A reader writes: “I am a single, black middle-aged (if you plan to live to 102) FTM. I presently live in New York. I will be retiring in the next five years and have considered relocating to Trinidad for many reasons. Health is paramount – I would need a doctor for “T”, blood work and everything else. I want to live in an area that has less than 2 million, yet affordable.
“My relocation concerns are not only about my trans status but also being African-American. Does Trinidad have any black residents? Is it a calm, tranquil place where, even if there are not many, it’s a non-issue? Granted, I would need to take a trip out there – I just need the facts – yours and anyone else’s.”
I definitely hope readers will help me out on this one. But here’s what I know:
Trinidad, Colorado, has gotten quite a reputation for itself as the “sex change capital of the world,” thanks to Dr. Stanley Biber, who, for decades, performed surgery for countless people who were transitioning – primarily from male to female. After Biber retired, Dr. Marci Bowers took over his practice and continued Trinidad’s legacy – although my understanding is that she will soon be relocating her practice to San Francisco.
The reality is that Trinidad is a small, rural Colorado town with a population of slightly over 9,000 residents, and fewer than 1 percent of those residents are black, according to census figures.
Several of Dr. Biber’s and Dr. Bowers’ patients have relocated to Trinidad, giving the town a higher percentage of trans residents than most towns of its size and nature. Most of those trans people who have relocated to Trinidad are trans women.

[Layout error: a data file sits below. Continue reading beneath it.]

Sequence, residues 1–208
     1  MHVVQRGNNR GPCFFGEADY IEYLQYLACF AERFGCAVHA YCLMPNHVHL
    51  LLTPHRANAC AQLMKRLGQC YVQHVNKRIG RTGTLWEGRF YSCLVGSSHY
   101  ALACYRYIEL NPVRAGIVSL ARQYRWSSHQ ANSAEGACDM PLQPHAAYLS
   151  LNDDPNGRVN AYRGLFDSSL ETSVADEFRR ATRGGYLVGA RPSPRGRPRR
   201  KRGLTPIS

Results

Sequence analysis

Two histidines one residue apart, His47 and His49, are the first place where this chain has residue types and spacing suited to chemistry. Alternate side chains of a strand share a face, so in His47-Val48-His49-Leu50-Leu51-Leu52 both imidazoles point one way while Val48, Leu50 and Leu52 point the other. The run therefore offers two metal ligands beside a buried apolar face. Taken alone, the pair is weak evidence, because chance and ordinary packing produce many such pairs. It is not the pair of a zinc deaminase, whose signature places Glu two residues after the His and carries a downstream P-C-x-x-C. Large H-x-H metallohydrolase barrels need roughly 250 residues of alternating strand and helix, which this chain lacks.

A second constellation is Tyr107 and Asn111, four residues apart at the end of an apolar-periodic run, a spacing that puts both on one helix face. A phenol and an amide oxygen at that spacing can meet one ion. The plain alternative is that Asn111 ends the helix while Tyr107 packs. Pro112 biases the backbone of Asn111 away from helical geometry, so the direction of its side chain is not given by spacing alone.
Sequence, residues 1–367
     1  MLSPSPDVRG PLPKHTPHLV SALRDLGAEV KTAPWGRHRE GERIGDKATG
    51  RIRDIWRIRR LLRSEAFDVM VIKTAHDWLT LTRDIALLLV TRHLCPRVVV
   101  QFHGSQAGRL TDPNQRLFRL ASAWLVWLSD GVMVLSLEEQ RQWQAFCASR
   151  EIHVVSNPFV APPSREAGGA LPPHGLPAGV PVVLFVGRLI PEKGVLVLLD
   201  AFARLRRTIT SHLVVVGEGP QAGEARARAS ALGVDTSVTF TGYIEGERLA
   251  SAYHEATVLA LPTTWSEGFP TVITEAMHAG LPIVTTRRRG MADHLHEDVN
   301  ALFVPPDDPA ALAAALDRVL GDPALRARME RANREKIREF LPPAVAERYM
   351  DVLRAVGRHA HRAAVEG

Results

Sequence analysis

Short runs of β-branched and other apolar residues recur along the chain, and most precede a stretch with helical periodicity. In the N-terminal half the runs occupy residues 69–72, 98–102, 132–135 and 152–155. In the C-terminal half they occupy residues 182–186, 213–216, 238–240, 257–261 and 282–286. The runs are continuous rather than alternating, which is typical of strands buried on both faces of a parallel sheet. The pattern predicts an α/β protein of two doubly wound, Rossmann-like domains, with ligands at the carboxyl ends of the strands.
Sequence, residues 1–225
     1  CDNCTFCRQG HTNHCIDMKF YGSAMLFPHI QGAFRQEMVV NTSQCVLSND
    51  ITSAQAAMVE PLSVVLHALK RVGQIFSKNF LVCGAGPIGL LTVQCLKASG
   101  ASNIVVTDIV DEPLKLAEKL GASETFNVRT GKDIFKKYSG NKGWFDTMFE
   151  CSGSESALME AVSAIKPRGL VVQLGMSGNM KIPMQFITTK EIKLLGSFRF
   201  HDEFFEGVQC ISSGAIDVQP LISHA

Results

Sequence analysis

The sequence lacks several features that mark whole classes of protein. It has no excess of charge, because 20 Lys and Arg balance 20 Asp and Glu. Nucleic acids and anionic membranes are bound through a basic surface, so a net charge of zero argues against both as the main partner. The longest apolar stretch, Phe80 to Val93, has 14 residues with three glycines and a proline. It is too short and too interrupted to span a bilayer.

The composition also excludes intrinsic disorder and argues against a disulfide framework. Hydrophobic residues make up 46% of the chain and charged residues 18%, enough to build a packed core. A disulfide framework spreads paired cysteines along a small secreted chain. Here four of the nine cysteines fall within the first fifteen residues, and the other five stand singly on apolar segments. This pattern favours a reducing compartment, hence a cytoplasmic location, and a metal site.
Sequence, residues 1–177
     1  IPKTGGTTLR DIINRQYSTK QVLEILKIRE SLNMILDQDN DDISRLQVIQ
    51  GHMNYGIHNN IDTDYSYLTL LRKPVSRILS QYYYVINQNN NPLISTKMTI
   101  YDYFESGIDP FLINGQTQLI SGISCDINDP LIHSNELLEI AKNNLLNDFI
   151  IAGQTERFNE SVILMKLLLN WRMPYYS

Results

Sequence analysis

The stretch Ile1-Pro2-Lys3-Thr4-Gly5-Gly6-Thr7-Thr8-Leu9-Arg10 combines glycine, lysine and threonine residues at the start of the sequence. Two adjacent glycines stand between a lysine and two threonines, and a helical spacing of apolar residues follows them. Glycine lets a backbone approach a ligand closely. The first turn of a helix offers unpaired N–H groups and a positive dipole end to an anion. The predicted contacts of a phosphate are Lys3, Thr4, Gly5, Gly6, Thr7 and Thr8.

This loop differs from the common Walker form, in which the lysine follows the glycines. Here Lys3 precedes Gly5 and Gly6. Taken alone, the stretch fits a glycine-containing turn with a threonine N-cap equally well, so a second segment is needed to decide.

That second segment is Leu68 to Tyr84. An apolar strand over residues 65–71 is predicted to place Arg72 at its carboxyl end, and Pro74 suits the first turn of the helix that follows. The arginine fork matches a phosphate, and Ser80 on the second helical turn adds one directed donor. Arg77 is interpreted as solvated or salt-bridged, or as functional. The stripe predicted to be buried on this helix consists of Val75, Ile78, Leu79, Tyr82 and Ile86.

Non-trans people in the town also tend to have a higher level of acceptance of trans people than you would likely find in other rural Colorado towns, simply because they have had exposure over time. Research says that if people who know a member of a particular marginalized group, they are more likely to accept that group.
However, other than Marci Bowers’ surgical practice, I am not aware that Trinidad offers any particular specialized trans services that you would not be able to get elsewhere. The general physicians in Trinidad are probably more used to working with trans people – particularly trans women – so you might have a slightly easier time finding a physician who would understand your needs or be open to learning them, but there are many places that would offer you the same options.
Trinidad is a beautiful little town – there’s no doubt about that. Colorado is a beautiful state. But according to the U.S. Census Bureau, Colorado itself has 4.4 percent black residents, compared to the U.S. average of 12.9 percent – so black people are underrepresented in the entire state itself.
However, Colorado has trans-friendly laws for the entire state, including an inclusive ENDA and public accommodations laws. The city of Denver, which is getting more expensive to live in and might be a little bigger than what you are looking for, has a larger black population and a very large Latino population, and it offers many multicultural events and activities. But I live here, and I think it’s a good city. Others might have a different view.
So this is where I turn it over to my readers. Those who are more familiar with Trinidad – what do you think? And what other suggestions can readers offer for great smaller cities and town, in Colorado and elsewhere, for this reader?